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The Gender and Media Reader is the first comprehensive, interdisciplinary anthology of the best known and most influential writings in gender and media studies. It is an essential text for those interested in the development of gender and media studies, its primary topics, debates, and theoretical approaches.
With the rise of web 2.0 and social media platforms taking over vast tracts of territory on the internet, the media landscape has shifted drastically in the past 20 years, transforming previously stable relationships between media creators and consumers. The Social Media Reader is the first collection to address the collective transformation with pieces on social media, peer production, copyright politics, and other aspects of contemporary internet culture from all the major thinkers in the field. Culling a broad range and incorporating different styles of scholarship from foundational pieces and published articles to unpublished pieces, journalistic accounts, personal narratives from blogs, and whitepapers, The Social Media Reader promises to be an essential text, with contributions from Lawrence Lessig, Henry Jenkins, Clay Shirky, Tim O'Reilly, Chris Anderson, Yochai Benkler, danah boyd, and Fred von Loehmann, to name a few. It covers a wide-ranging topical terrain, much like the internet itself, with particular emphasis on collaboration and sharing, the politics of social media and social networking, Free Culture and copyright politics, and labour and ownership.Theorizing new models of collaboration, identity, commerce, copyright, ownership, and labour, these essays outline possibilities for cultural democracy that arise when the formerly passive audience becomes active cultural creators, while warning of the dystopian potential of new forms of surveillance and control.
Incisive analyses of mass media – including such forms as talk shows, MTV, the Internet, soap operas, television sitcoms, dramatic series, pornography, and advertising—enable this provocative new edition of Gender, Race and Class in Media to engage students in critical mass media scholarship. Issues of power related to gender, race, and class are integrated into a wide range of articles examining the economic and cultural implications of mass media as institutions, including the political economy of media production, textual analysis, and media consumption.
`Alertness to the changing terms of debate, familiarity with the latest scholarship and a shrewd, practical sense of what works in teaching make this collection a very worthwhile addition to course reading lists' - John Corner, University of Liverpool The Media Reader is an essential sourcebook of key statements about transformations in media culture. The Reader explores the technological, economic, social and cultural processes implicated in the production, regulation, circulation and consumption of media forms. It applies theoretical approaches, supported by a range of case studies, to past and present media transformations. Divided into four parts: Mass Communications and the Modern World;
As mobile communication, social media, wireless networks, and flexible user interfaces become prominent topics in the study of media and culture, the screen emerges as a critical research area. This reader brings together insightful and influential texts from a variety of sources-theorists, researchers, critics, inventors, and artists-that explore the screen as a fundamental element not only in popular culture but also in our very understanding of society and the world. The Screen Media Reader is a foundational resource for studying the screen and its cultural impact. Through key contemporary and historical texts addressing the screen's development and role in communications and the social sphere, it considers how the screen functions as an idea, an object, and an everyday experience. Reflecting a number of descriptive and analytical approaches, these essays illustrate the astonishing range and depth of the screen's introduction and application in multiple media configurations and contexts. Together they demonstrate the long-standing influence of the screen as a cultural concept and communication tool that extends well beyond contemporary debates over screen saturation and addiction.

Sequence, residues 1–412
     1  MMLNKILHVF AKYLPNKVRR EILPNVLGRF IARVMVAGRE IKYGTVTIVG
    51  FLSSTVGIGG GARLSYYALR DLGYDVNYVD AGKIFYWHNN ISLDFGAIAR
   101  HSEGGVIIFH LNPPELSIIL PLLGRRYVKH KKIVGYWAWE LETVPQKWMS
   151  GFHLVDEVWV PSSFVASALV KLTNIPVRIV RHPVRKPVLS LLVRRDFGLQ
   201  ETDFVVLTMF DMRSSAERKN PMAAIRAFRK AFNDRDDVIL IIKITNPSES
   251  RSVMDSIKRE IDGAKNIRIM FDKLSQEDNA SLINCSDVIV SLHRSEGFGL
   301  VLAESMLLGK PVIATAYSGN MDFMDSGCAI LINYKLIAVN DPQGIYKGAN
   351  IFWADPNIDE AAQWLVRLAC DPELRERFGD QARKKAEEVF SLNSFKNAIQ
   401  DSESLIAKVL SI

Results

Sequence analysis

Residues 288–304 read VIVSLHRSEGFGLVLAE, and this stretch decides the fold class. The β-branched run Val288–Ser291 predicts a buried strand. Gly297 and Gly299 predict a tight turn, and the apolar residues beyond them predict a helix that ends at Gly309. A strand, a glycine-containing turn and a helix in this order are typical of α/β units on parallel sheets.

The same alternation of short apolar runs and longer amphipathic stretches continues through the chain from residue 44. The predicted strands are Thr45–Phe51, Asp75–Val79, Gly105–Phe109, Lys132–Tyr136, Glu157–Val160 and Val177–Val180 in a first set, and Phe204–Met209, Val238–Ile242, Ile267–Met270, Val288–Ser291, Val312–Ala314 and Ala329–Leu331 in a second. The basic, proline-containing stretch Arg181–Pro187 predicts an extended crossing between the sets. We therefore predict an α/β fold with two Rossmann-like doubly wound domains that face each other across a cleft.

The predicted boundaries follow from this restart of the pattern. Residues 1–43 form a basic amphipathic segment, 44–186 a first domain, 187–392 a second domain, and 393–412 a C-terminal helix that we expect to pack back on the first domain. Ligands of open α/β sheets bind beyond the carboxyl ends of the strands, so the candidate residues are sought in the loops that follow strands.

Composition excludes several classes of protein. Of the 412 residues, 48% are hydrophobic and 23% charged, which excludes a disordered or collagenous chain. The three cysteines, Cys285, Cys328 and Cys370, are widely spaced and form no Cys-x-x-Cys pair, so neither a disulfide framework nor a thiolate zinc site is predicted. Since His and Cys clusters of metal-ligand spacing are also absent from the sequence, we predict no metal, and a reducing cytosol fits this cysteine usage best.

The Encyclopedia of Gender in Media critically examines the role of the media in enabling, facilitating, or challenging the social construction of gender in our society.
"Comprising the most current scholarship from leading experts in the fields of gender and media studies, Gendered Transformations offers readers a new foundation from which to reexamine traditional perspectives on gender and media. Organized into sections concerning representational politics, embodied performance, and social constructions of reality, these essays explore a wide variety of concerns from a similarly wide variety of perspectives. As Liesbet van Zoonen states in the introduction to this volume: 'In the current cultural condition of multimediality and intertextuality it makes more sense, ... [to] see how particular media and media combinations are articulated with [particular issues] in situated diachronic and synchronic contexts.' A thought-provoking contribution to a number of disparate fields, Gendered Transformations offers a rare interdisciplinary approach to gender that reflects the most recent developments in media theory and methodology."--Page 4 of cover.

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